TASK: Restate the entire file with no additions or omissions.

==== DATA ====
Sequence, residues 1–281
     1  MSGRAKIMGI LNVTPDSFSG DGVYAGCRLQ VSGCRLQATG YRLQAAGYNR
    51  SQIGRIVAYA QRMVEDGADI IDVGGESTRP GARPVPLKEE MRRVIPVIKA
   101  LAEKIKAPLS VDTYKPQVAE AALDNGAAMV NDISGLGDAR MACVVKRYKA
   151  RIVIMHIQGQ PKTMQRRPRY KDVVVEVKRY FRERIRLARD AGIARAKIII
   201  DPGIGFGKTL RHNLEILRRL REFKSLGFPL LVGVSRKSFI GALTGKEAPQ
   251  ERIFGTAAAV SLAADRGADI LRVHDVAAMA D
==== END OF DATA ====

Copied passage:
Sequence, residues 1–281
     1  MSGRAKIMGI LNVTPDSFSG DGVYAGCRLQ VSGCRLQATG YRLQAAGYNR
    51  SQIGRIVAYA QRMVEDGADI IDVGGESTRP GARPVPLKEE MRRVIPVIKA
   101  LAEKIKAPLS VDTYKPQVAE AALDNGAAMV NDISGLGDAR MACVVKRYKA
   151  RIVIMHIQGQ PKTMQRRPRY KDVVVEVKRY FRERIRLARD AGIARAKIII
   201  DPGIGFGKTL RHNLEILRRL REFKSLGFPL LVGVSRKSFI GALTGKEAPQ
   251  ERIFGTAAAV SLAADRGADI LRVHDVAAMA D